In England we travelled around by car, train, and tube. Here’s a rundown of travelling with the kids on the various modes of transport.
We rented cars (from Eurocar) from arrival at Heathrow to when we arrived back in London, over a week later. We opted to collect the cars at terminal 1, rather than take the (free) shuttle to their office. There was a charge for terminal collection. We actually landed in terminal 3 so it was quite a distance to walk between terminals. The reason that we took this option was because we had lots of luggage, so didn’t want to have to unload it all onto the shuttle bus and then again at the office. The queue at the terminal wasn’t too long but because the couple in front of us had problems with their rental, we ended up waiting for around an hour to get the keys. I took this chance to check out the nursing room facilities just opposite the counter.
Nursing Room – Heathrow Airport Terminal 1 Car Rental Area
The nursing room was clean and tidy. It was nice to see a bar on the edge of the table, to prevent a baby from rolling off the changing pad.
The cars were fine, with plenty of space for luggage. We brought our own car seats and they were easy to fit with the seatbelts. I was a little apprehensive about how the kids would take to the car seats as we don’t have a car in Singapore so they’re not used to them. Surprisingly, M was great and slept whenever in the car seat. Z hated the car seat and screamed the whole time. But by the end of the trip, we managed to get her to nap in there too. We also brought our own sat navs: a Garmin and a TomTom. The Garmin performed better, even though it was the older of the two. We had an issue with the TomTom where we took a wrong turn, and it started to take us on a crazy route to who knows where. Luckily, it tried to take us over a bridge which was closed for repairs and I looked up another route on Google Maps.
Nursing Room – M6 Service Station: Corby
I was surprised to enter the nursing room and find an empty corner (as in no chair)…that’s the last picture. Seems like someone took it as there was definitely a space for it. I didn’t need to feed Z so it didn’t make much difference to me. And I guess that most people would just feed the baby in their car whilst parked. The facilities were pretty much as you’d expect. A bit dated, could be cleaner, but okay in a pinch. There were actually two nursing rooms in this area and when I went upstairs, the other one did have a chair.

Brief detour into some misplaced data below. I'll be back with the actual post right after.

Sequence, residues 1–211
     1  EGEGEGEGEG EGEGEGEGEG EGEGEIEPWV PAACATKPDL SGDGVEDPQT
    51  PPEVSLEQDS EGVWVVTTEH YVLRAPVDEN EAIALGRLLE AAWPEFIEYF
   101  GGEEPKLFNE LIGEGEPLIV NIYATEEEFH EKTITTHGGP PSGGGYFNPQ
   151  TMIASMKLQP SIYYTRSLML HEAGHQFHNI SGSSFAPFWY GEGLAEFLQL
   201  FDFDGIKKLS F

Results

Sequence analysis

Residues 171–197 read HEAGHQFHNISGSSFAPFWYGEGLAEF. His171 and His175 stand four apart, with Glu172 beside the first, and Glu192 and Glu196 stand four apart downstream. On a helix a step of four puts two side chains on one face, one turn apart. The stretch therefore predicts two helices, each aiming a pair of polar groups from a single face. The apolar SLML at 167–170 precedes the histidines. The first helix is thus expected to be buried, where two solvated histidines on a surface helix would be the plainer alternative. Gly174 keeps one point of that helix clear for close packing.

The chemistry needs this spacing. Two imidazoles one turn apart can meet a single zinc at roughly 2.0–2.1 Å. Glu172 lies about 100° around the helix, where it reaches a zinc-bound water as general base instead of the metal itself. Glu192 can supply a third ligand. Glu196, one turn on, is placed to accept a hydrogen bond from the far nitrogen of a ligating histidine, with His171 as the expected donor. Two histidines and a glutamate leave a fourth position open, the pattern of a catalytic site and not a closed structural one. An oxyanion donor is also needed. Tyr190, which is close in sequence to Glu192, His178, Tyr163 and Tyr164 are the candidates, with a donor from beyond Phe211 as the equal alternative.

I also noticed a Krispy Kreme display here. It’s so easy to get these doughnuts in the UK, unlike in Singapore where you used to have to queue a lot (I say used to because I haven’t been in ages).
I took the train twice with Z when going to visit a friend of mine. This was after we had dropped the cars back at Heathrow. The tickets were easy to purchase. I used thetrainline.com to book them. And then I collected the tickets from the self service machine at the station. There are also options to print your own ticket or display on your mobile phone. I wasn’t sure if the trains were going to be crowded so decided to leave the stroller at home and just bring my carrier. As it turns out, the trains were less than 50% full so it would have been fine. The train ride was great. Not many stops so it was pretty fast. And quite comfortable too as Z had her own seat because the train wasn’t busy.
Whilst in London, we used the tube quite a bit. We still had Oyster cards from when we were living over there so it was easy to just top them up. Many stations are not wheelchair accessible meaning that there aren’t lifts for strollers. There are also sets of stairs in lots of stations. I would recommend that you check the tube map before deciding whether to bring a stroller or not (stations that are wheelchair accessible are clearly marked). I was pleasantly surprised that on all occasions bar one, I was offered a seat. This was in contrast to Singapore where I am often left standing whilst carrying one of the kids. People sleep (or pretend to sleep), play on their phone, look down to avoid eye contact etc etc whilst in the priority seat. Even when someone didn’t notice me in London, another passenger would come to my aid and ask the person to give up their seat. Love that!